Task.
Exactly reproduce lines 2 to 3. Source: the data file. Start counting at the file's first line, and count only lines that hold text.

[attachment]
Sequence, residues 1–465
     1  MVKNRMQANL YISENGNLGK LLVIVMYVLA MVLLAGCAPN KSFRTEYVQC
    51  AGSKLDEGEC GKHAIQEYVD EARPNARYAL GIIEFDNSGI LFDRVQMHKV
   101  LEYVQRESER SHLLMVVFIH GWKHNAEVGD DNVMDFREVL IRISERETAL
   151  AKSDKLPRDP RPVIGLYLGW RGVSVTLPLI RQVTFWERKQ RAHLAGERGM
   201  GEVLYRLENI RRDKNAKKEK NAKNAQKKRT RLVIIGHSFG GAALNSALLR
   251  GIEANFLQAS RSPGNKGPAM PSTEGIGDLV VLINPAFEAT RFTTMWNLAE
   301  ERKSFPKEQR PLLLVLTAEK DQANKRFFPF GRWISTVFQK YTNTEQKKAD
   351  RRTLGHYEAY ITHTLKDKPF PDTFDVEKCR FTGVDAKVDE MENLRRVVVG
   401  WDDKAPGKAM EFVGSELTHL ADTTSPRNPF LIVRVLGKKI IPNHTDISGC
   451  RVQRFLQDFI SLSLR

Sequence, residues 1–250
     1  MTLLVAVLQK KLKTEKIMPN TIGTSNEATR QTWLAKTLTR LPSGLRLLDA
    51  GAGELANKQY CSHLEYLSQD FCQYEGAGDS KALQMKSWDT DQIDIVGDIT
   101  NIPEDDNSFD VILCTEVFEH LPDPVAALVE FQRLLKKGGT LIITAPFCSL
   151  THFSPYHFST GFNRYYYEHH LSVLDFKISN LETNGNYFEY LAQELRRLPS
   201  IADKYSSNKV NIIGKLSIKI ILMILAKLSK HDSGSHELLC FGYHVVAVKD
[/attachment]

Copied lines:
     1  MVKNRMQANL YISENGNLGK LLVIVMYVLA MVLLAGCAPN KSFRTEYVQC
    51  AGSKLDEGEC GKHAIQEYVD EARPNARYAL GIIEFDNSGI LFDRVQMHKV